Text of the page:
In 1998, the Digital Millennium Copyright Act became a U.S. law. This controversial legislation was designed to bring copyright law in line with developing technologies and to afford protection to rights in the Internet environment.
Though vast in scope, one particular area of DMCA is of special interest to those who are suffering from an online copyright infringement. It stems from the "Safe Harbor Provisions" in Section 512 of the law.
In basic terms, the DMCA provides hosts of websites with a form of immunity from lawsuits stemming from copyright infringements that occur on "their" sites.
A host actually stores the data that comprises a website. Most people do not host their own sites and rely upon a host company to do the job. You can think of it in terms of an apartment owner.
The owner of the building (the host) rents out apartments (server space for websites) to tenants (webmasters).
The DMCA allows the landlord to avoid being held responsible for what tenants are doing in their individual apartments so long as they take appropriate action when notified of wrongdoing.
The Safe Harbor Provisions of the DMCA allow individuals to provide that notice to the host.
Thus, if you are being victimized by someone who is infringing upon your copyrights, you can advise the host of the problem and the host is then obligated to take down the offending content.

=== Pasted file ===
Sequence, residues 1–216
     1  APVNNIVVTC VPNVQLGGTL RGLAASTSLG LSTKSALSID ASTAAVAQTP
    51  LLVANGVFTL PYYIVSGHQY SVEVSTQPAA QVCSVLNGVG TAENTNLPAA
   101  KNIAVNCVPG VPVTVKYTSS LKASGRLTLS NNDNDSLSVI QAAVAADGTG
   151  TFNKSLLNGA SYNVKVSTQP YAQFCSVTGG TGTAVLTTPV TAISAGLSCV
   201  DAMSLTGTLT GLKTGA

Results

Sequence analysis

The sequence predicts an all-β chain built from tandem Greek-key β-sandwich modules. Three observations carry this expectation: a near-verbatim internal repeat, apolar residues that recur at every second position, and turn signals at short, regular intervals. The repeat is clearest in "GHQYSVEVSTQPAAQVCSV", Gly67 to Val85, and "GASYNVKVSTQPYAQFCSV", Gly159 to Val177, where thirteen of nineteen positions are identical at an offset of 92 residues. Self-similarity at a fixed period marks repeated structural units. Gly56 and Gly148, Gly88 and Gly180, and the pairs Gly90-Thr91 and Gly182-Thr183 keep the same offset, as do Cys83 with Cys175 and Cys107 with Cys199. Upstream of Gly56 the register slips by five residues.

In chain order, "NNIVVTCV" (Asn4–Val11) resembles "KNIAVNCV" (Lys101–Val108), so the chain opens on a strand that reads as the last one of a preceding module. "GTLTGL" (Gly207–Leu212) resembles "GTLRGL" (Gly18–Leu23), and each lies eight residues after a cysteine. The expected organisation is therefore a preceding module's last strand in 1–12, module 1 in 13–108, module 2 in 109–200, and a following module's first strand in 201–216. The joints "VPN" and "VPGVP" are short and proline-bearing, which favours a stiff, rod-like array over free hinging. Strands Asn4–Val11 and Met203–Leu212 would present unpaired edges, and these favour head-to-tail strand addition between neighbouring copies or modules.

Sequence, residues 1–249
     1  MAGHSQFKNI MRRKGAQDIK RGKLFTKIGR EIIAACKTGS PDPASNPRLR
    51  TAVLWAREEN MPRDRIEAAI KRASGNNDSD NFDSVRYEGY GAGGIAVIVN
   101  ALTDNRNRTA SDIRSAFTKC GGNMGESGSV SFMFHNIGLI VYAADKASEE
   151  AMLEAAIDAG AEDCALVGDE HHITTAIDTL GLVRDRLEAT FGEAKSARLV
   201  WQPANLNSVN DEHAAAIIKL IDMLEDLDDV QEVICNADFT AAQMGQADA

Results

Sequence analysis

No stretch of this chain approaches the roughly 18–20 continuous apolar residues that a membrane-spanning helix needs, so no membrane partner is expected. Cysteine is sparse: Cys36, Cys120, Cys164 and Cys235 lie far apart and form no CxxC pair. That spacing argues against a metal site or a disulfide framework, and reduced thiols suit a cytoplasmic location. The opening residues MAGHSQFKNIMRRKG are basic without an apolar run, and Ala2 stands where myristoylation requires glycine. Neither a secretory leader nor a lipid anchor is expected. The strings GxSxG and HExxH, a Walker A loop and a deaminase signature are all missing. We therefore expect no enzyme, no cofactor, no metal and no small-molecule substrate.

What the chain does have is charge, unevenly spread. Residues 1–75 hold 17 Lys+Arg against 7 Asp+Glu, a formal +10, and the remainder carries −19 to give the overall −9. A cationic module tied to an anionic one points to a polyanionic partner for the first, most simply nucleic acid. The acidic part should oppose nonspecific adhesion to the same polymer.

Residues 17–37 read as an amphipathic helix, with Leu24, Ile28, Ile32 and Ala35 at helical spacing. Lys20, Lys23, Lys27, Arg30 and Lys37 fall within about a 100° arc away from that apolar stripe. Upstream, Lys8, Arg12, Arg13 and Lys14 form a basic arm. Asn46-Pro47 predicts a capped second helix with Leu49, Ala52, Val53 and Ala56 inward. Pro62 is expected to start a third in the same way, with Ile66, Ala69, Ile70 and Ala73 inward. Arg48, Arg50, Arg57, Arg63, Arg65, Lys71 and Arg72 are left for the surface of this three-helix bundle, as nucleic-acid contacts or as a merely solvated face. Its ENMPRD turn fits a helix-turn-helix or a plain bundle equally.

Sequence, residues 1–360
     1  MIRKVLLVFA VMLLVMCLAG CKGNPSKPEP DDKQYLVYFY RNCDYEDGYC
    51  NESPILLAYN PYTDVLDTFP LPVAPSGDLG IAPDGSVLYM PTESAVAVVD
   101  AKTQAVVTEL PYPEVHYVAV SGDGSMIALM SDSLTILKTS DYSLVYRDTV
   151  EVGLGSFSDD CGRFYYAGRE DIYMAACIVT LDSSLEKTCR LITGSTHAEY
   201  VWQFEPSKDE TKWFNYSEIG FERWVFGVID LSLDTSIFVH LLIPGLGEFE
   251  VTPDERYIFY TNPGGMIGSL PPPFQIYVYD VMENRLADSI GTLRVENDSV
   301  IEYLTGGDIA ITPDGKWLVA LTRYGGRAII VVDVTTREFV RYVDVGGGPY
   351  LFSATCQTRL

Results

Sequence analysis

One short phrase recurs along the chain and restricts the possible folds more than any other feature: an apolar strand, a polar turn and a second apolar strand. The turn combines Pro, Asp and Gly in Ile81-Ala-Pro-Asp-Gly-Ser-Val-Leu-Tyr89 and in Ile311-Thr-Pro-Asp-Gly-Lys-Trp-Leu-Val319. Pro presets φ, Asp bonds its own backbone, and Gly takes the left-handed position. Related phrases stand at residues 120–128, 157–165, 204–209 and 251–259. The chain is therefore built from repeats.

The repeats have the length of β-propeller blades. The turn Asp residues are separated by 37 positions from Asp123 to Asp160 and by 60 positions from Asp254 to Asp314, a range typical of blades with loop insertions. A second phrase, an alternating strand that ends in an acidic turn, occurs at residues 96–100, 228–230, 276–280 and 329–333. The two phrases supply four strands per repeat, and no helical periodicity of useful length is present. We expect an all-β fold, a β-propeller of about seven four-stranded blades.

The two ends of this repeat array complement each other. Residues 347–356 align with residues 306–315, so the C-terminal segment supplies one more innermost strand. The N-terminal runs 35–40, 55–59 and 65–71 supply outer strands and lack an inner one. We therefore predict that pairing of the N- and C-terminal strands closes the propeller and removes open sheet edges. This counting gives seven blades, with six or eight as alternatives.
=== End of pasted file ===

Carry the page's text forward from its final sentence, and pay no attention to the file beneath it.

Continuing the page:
However, you can't just pick up the phone, call a host and demand that material be removed. Well, you can, but the host is under no obligation to listen to you.
The host will only be obligated to take action if you supply them with an appropriately structured DMCA “take down” complaint.
The law provides exactly what must be included in such a complaint. We’ve supplied a sample DMCA complaint in the Appendices of this text for additional guidance.
At a minimum, a valid DMCA complaint must contain the following:
* Detailed description of the copyrighted work that was allegedly infringed upon, in the form of the original URL of the image, text, or page or other information that can specify the copyrighted work.
* Detailed identification of the material, with enough information to locate the material. This includes what actions were taken in finding the material to the direct link to the infringing web page.
* Information to allow the Xanga Abuse team to contact you directly (Email address is preferred.)
* A statement that you in good faith believe that use of the copyrighted material is not authorized by the copyright owner, its agent, or the law.
* A sworn statement, made under penalty of perjury, that the information given is accurate and that you are authorized to act on behalf of the copyright holder or owner of an exclusive right.
* An electronic signature (your full legal name) of a person authorized to act on behalf of the copyright holder or owner of an exclusive right that is allegedly infringed.
Once you have created an appropriate DMCA complaint, it must be sent to the host.
Finding the host is usually not a difficult process. Although WhoIs data is unlikely to reveal the host (instead providing information about the registrar of the site), other tools like SamSpade can help.
If you can’t determine the host, or are unable to get a satisfactory resolution from them, you may have some success by contacting the company through which the site was registered.
ABOUT THE AUTHOR
Bob Hadley is a freelance journalist who covers copyright law for http://www.researchcopyright.com/. Download his free e-book, "Copyright Basics" at ResearchCopyright.com.